What is social engineering?
At its core, social engineering is simply manipulating people to spill sensitive information.
Social engineering has existed for thousands of years, before modern history; we can look at the ancient history of the Trojan Horse, a wooden horse used by the Greeks to enter the city of Troy and win the Trojan War.
Even today, in an ever increasingly connected world, social engineering continues to exist outside of cybersecurity. Many social engineering techniques have been and are continually used in intelligence gathering, such as in recruiting assets. Operations security (OPSEC) is frequently compromised via clever social engineering techniques.
Everyone on the planet is vulnerable to social engineering; the right attack method at the right time on the “right” person can compromise anybody. For an organization, one person giving sensitive information to an attacker can be enough to affect everyone else in that organization.
Social engineering attacks
Social engineering attacks listed here are in reference to the common end user as opposed to organizations or public figures.
Phishing is a very broad topic, and it’s near-impossible to cover all the nuances including tactics, procedures, and methods just on this page alone.
According to the National Institute of Standards and Technology (NIST), phishing is “A technique for attempting to acquire sensitive data, such as bank account numbers, through a fraudulent solicitation in email or on a web site, in which the perpetrator masquerades as a legitimate business or reputable person.”
At its core, phishing is a social engineering attack. Teasing apart NIST’s definition of phishing, there are two main components here:
- Someone is posing as someone else (a trusted entity)
- Request for sensitive information
In short, malicious actors use the exploitation of human trust by imitating a "trusted" entity to then obtain access to sensitive/confidential information.
Phishing comes in many forms, but the most common vector for phishing attacks is an email that often include a link to a phishing website. However, other forms of phishing are also growing increasingly popular:
- Text messages (smishing)
- Social media direct messaging
- Phone call (vishing)
Additionally, successful phishing attacks can entice a user to give control of their device to attackers or download malware that further compromises the user’s device.
Like phishing, scams come in many different shapes and sizes; it’s also impossible to cover all the nuances of scams here alone.
More elaborate scams, such as “romance scams,” where the scammer poses as a romantic interest and often asks for money or giftcards, heavily rely on social engineering; these scams often carry on for months or years to establish trust. In the end, victims are often scammed out of money, cryptocurrency, and sensitive information such as social security numbers (SSNs) or other personal information (PII).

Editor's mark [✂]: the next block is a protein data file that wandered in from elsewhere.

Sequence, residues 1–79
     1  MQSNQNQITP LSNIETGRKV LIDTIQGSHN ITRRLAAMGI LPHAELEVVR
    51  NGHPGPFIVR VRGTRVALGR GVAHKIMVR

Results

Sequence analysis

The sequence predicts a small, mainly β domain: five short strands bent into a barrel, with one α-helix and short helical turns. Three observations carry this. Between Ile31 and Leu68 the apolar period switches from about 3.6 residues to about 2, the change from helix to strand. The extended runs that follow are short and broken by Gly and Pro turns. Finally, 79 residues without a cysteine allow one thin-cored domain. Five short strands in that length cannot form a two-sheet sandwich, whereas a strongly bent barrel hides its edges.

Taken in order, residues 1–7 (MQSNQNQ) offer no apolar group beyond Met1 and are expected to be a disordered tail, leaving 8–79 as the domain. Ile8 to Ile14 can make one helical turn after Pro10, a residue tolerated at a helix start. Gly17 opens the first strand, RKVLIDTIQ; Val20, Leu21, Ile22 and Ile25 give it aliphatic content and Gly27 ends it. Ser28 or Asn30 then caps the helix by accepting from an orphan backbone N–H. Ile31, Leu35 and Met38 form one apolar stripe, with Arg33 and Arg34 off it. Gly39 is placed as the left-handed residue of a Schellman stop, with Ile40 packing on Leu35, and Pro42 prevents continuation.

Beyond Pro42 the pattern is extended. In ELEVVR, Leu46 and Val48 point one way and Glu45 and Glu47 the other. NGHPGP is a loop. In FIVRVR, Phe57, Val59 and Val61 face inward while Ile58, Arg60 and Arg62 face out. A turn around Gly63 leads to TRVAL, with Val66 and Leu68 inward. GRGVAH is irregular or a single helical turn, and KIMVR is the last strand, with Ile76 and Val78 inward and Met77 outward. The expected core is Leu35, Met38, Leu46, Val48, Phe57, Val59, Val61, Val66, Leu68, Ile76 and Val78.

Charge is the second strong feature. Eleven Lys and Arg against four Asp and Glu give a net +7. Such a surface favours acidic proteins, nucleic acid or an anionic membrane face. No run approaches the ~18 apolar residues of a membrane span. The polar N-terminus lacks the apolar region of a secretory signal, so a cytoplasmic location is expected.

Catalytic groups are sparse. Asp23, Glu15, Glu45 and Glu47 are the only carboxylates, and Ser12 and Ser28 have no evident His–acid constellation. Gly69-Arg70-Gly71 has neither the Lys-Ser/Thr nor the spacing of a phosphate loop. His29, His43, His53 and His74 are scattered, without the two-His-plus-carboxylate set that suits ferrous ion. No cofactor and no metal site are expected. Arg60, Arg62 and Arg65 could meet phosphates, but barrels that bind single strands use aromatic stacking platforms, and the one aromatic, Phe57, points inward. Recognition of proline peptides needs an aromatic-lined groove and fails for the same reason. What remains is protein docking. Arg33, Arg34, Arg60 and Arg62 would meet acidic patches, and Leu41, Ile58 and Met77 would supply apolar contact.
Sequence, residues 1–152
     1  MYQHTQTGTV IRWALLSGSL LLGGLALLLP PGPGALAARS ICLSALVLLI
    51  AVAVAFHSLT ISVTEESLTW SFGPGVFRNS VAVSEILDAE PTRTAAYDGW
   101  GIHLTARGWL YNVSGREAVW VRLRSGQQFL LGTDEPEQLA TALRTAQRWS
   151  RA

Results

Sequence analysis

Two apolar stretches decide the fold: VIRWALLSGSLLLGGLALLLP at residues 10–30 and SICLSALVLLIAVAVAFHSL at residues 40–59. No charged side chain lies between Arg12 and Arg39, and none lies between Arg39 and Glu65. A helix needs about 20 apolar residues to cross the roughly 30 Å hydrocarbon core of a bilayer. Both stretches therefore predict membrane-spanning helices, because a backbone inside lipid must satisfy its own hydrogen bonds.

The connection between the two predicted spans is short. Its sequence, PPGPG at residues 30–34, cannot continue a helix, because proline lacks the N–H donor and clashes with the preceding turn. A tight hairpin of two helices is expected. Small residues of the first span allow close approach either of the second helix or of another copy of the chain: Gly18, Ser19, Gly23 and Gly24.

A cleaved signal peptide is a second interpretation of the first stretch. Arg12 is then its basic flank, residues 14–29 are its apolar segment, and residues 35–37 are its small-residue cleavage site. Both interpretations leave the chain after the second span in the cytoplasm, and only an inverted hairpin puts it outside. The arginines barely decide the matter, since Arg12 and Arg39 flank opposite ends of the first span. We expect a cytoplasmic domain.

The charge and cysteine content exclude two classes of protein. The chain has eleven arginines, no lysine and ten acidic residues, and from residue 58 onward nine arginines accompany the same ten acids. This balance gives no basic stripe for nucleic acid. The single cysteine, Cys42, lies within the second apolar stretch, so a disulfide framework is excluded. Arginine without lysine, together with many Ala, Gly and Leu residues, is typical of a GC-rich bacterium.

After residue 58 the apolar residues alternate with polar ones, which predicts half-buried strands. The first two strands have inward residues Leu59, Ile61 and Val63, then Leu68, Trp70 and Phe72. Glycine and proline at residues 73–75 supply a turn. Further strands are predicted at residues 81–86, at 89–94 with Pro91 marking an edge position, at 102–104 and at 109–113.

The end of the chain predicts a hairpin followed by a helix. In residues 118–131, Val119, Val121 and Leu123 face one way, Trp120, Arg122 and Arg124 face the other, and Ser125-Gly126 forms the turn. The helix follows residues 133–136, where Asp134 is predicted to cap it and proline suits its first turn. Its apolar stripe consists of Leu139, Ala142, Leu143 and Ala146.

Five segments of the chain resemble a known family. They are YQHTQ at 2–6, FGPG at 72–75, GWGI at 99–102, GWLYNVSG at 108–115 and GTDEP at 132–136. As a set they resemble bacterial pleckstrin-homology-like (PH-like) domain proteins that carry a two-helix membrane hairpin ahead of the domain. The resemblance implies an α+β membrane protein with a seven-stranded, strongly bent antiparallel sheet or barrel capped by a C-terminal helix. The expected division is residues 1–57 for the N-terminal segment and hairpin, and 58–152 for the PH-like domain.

Phishing and scamming frequently overlap; phishing is usually used as a method to scam people out of money. As a very general rule, phishing is focused on obtaining information for more malicious purposes (such as access to an enterprise network to deploy ransomware) whereas scamming is focused on obtaining money or cryptocurrency (such as enticing a victim to use a money-transfer app to send money directly to the scammer.)
Baiting is just as it sounds - offering a tempting “want” in the hopes someone takes it and consequently falls into a laid trap.
Baiting typically involves malware, or tricking users into installing malware on their devices. Sometimes attackers might use phishing techniques to install malware, but this is not always the case.
For example, an attacker might offer a free download of a much-sought after digital product; however, once downloaded, this digital product might execute malicious code on the device. Perhaps the attacker offers a free item in exchange for the user purchasing a set amount of goods, only to never deliver on the free item or the purchased goods.
Baiting can also transfer into the “physical world” in the form of USB baiting - malware-infected USB devices (such as phone chargers) that, once plugged into a device, execute malicious code on the device.
Protecting yourself from social engineering attacks
Protecting yourself from social engineering attacks is an ever changing, multi-step process and requires vigilance on the user’s end. Social engineering attacks are constantly evolving, and users should stay in-the-know enough to not fall victim to attacks.
For most users, phishing (in all of its numerous forms) is by far the most common social engineering attack they will encounter. Naturally, some phishing attempts are better than others and many phishing methods exist.
However, there are some core rules users can adopt to protect from phishing and and other social engineering attacks:
- Never click on unsolicited links sent via email, text message, any messaging platform, or social media direct message.
- Never click/download unsolicited email attachments.
- Avoid giving information on
- Avoid connecting unfamiliar devices, such as USB chargers, to devices.
Most social engineering attacks require a momentary lapse of judgment from the intended victim (read: you) and to increase this likelihood, attackers will imply urgency or pressure for an immediate response. The best way to counteract this is to slow down; a healthy dose of skepticism can go a long way.